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But What is the Question?

Denis Solomon • 1,206 words

“It’s like sports education, if you only start at sixteen you’re going to be so unfit to start with it’ll be really hard. It should be compulsory at an early age – around eleven or twelve”.

The perceptive comment of a British teenager on – wait for it – philosophy.

The comment was among several elicited by the literary section of a newspaper in interviews with adolescents about a book entitled Sophie’s World, by a Norwegian called Jostein Gaarder. Mr. Gaarder exercises a profession unknown in the Anglo-Saxon (and therefore the Afro-Saxon) world: he is a secondary school teacher of philosophy.

Unknown because to the general public and even the education authorities philosophy is a subject for university professors (hardly even for university students) and therefore useless.

On the other hand, it is true that it is not possible to teach philosophy, since philosophy is precisely what we do not know. It is a series of questions, not a compendium of answers. The subtitle of the book, therefore, is “a novel about the history of philosophy”. The history of philosophy is indistinguishable from the history of thought.

We do in fact teach the history of thought, but in bits and pieces, as part of courses in history, literature or even science. But the history of thought as a subject in itself not only embraces all other subjects but requires a particular kind of honesty in teacher and text-book. For its purpose is not to inculcate knowledge but to awaken and sustain curiosity, to liberate the mind of the student from preconception and prejudice, and above all from fear, even though part of the material itself is the concept that freedom and liberation may, like much else, be illusions.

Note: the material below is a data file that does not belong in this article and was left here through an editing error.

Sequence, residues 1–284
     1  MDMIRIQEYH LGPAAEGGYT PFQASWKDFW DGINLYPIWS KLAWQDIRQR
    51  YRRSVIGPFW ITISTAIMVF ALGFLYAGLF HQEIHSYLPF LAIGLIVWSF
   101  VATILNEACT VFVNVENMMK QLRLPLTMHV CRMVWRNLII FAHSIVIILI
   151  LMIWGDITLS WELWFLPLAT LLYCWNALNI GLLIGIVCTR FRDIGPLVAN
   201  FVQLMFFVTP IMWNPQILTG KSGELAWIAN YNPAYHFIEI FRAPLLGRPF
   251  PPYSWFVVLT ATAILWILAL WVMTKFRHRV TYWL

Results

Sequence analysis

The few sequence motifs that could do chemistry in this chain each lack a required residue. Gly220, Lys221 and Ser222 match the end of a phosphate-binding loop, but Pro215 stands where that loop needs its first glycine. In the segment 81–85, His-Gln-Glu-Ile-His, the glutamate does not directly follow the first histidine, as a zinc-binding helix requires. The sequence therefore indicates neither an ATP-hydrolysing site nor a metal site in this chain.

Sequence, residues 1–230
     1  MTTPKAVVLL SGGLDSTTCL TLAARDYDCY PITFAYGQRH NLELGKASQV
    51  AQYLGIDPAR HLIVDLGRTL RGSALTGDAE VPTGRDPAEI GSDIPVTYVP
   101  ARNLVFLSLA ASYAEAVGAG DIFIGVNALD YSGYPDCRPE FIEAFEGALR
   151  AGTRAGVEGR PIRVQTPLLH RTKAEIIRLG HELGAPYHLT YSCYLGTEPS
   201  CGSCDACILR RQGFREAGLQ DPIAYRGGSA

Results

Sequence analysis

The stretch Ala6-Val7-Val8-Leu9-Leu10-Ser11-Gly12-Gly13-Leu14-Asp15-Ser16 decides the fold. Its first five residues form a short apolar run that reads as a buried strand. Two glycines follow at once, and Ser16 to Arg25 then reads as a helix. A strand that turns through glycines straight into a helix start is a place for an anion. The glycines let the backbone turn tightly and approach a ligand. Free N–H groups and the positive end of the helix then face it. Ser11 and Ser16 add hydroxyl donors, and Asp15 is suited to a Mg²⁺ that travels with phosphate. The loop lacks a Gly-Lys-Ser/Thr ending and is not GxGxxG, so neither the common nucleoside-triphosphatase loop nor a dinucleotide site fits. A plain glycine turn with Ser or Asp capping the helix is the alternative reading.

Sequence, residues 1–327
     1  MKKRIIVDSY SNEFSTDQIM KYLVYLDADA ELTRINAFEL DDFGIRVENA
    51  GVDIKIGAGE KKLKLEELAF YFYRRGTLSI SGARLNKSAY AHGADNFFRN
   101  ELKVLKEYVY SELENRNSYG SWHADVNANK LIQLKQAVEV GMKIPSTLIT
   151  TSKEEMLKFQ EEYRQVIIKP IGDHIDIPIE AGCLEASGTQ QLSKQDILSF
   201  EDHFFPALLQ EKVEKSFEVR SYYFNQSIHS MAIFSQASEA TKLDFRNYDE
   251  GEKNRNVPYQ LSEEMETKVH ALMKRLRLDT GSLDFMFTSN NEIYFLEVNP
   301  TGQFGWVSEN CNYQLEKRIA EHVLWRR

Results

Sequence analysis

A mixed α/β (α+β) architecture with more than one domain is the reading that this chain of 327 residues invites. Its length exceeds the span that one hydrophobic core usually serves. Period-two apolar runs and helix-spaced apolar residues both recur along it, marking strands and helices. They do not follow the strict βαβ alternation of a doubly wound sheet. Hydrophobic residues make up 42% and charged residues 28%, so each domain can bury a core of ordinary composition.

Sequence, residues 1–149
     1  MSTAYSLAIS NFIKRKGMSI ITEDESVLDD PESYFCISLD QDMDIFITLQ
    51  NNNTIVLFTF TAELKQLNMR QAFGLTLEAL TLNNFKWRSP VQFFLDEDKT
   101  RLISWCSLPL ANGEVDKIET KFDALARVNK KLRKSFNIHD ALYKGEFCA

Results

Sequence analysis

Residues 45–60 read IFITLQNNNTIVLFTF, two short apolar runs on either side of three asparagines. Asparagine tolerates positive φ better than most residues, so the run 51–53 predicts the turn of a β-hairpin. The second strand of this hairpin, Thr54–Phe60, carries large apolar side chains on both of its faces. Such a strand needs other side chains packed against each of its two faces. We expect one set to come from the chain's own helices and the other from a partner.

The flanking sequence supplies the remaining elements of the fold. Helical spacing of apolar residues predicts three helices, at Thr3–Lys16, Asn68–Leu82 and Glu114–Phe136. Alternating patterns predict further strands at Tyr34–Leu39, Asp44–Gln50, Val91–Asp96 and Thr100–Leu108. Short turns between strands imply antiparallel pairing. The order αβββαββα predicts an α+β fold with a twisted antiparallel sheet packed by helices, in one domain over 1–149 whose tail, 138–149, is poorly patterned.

This can only be done by inviting reflection and discussion on the basic questions that have engaged the minds of human beings from the dawn of history: reason versus perception as the source of knowledge; the nature of reality; the ultimate constituents of matter; free will versus determinism; good and evil and the knowledge of them; the nature of time and space. The last two are of particular relevance now that the boundaries of physics are being stretched so wide that the distinction between philosophy and science, hardly more than a century old, is once more disappearing, and post-Einsteinian physics is actively seeking a unified theory of matter – quite literally, a “theory of everything” – and you cannot consider yourself educated unless you can get your mind round concepts such as a multi-dimensional universe or a time when time did not exist. An astoundingly complex blend of empiricism and theorising that is a direct challenge to the Kantian view that man, as a part of the universe, cannot, by definition, understand it.

Apart from intellectual liberation, acquaintance with the history of thought quite simply defines you as a human being. The faculty of wonder and the knowledge of our mortality are the only characteristics that set us apart from the animals. Most people suppress the first and deny the second by seizing on the first religion they encounter, and thereafter thinking of precisely nothing. To be a civilised human being, however, you must not only think but know yourself a part of thinking humanity. In the words of Goethe, “he who cannot draw on three thousand years is living from hand to mouth”. Or, as a character in Sophie’s World remarks, “it is the only way to become more than a naked ape”.